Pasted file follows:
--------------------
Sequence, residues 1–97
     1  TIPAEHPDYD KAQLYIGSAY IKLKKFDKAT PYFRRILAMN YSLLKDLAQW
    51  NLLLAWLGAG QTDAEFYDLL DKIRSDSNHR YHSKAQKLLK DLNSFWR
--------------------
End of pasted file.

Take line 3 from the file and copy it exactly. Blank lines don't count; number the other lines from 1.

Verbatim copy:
    51  NLLLAWLGAG QTDAEFYDLL DKIRSDSNHR YHSKAQKLLK DLNSFWR